Cyber security is the practice of protecting essential systems and sensitive data from digital attacks. Additionally referred to as data technology (IT) security, cyber security measures are designed to combat threats against networked systems and applications, whether or not those threats originate from within or outside of a corporation.
Cybercriminals target customers’ personally identifiable information (PII) - names, addresses, national identification numbers (e.g., Social Security numbers within the U.S., fiscal codes in Italy), and credit card data – and then sell these records in underground digital marketplaces. Compromised PII usually results in a loss of client trust, regulative fines, and even legal
Why is cyber security important?
- Cyber-attacks are increasingly sophisticated - Cyber-attacks still grow in sophistication, with attackers using an ever-expanding variety of techniques. These include social engineering, malware and ransomware).
- The costs of cyber security breaches are rising - Privacy laws like the GDPR and DPA 2018 can mean important fines for organizations that suffer cyber security breaches. There are also non-financial costs to be thought-about, like reputational damage.
- Cyber security is a critical, board-level issue - New laws and reporting requirements create cyber security risk oversight a challenge. The board will need to continue to seek assurances from management that its cyber risk strategies can scale back the chance of attacks and limit monetary and operational impacts.
- Cyber-crime is a big business - In 2018, the cyber-crime economy was estimated to be worth $1.5 trillion, according to a study commissioned by Bromium. Political, moral and social incentives can even drive attackers.
What are some of the Common cyber threats?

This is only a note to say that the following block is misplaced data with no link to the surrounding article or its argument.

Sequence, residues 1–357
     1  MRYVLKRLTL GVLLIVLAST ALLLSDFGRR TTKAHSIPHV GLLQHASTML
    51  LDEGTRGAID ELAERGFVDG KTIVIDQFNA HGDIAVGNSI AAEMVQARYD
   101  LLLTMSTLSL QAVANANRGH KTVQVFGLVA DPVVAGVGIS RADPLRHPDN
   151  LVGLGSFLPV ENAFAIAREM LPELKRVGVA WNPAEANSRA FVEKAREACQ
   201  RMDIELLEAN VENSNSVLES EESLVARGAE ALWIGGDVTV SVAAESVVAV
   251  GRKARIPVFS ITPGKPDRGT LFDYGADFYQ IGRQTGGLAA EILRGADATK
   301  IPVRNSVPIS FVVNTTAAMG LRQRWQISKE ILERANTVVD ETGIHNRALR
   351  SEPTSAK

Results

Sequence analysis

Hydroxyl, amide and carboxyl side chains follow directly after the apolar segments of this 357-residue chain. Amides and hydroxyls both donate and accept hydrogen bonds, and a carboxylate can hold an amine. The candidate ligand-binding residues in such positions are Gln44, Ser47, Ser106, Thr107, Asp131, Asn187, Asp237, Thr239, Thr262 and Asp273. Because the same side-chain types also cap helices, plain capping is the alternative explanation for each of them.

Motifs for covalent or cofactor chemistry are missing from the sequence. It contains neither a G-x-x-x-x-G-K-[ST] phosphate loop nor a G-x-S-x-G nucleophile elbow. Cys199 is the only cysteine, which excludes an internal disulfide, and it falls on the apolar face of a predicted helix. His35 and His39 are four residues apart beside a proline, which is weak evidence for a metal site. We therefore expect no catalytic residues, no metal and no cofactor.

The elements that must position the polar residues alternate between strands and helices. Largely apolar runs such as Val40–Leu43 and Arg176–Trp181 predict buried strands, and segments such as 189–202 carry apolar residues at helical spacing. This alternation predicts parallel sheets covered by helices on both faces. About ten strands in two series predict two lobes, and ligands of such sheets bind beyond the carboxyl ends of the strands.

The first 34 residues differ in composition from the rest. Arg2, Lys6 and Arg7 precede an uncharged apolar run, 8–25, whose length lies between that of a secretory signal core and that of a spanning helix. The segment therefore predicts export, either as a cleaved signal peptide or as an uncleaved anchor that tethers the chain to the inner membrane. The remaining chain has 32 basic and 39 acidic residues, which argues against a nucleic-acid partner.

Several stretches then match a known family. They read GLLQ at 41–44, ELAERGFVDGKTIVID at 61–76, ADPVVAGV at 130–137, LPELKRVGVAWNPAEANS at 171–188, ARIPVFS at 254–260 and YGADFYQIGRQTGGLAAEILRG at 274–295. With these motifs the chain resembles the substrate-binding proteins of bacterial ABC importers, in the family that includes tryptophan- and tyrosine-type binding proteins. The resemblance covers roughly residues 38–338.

Although cyber security professionals work hard to shut security gaps, attackers are perpetually searching for new ways to flee IT notice, evade defense measures, and exploit rising weaknesses.
The latest cyber security threats are putting a new spin on “known” threats, taking advantage of work-from-home environments, remote access tools, and new cloud services. These evolving threats include:
Malware – The term “malware” refers to malicious software variants—such as worms, viruses, Trojans and spyware—that give unauthorized access or cause harm to a computer. Malware attacks are increasingly “fileless” and designed to induce around familiar detection ways, like antivirus tools, that scan for malicious file attachments.
Ransomware – Ransomware is a kind of malware that locks down files, data or systems, and threatens to erase or destroy the data – or build private or sensitive data to the general public – unless a ransom is paid to the cybercriminals who launched the attack. Recent ransomware attacks have targeted state and native governments, that are easier to breach than organizations and under pressure to pay ransoms so as to revive applications and internet sites on which citizens rely.
Phishing / social engineering – Phishing is a kind of social engineering that tricks users into providing their own PII or sensitive info. In phishing scams, emails or text messages seem to be from a legitimate company asking for sensitive info, such as credit card information or login info. The FBI has noted a surge in pandemic-related phishing, tied to the growth of remote work.
Insider threats – Current or former staff, business partners, contractors, or anyone who has had access to systems or networks within the past will be thought of an business executive threat if they abuse their access permissions. Insider threats can be invisible to traditional security solutions like firewalls and intrusion detection systems, which focus on external threats.
Distributed denial-of-service (DDoS) attacks – A DDoS attack attempts to crash a server, website or network by overloading it with traffic, usually from multiple coordinated systems. DDoS attacks overwhelm enterprise networks via the simple network management protocol (SNMP), used for modems, printers, switches, routers, and servers.
Advanced persistent threats (APTs) – In an APT, an intruder or group of intruders infiltrate a system and remain undetected for an extended period. The intruder leaves networks and systems intact so that the intruder can spy on business activity and steal sensitive data while avoiding the activation of defensive countermeasures. The recent Solar Winds breach of United States government systems is an example of an APT.
Man-in-the-middle attacks – Man-in-the-middle is an eavesdropping attack, where a cybercriminal intercepts and relays messages between two parties in order to steal data. For example, on an unsecure Wi-Fi network, an attacker can intercept data being passed between a guest’s device and the network.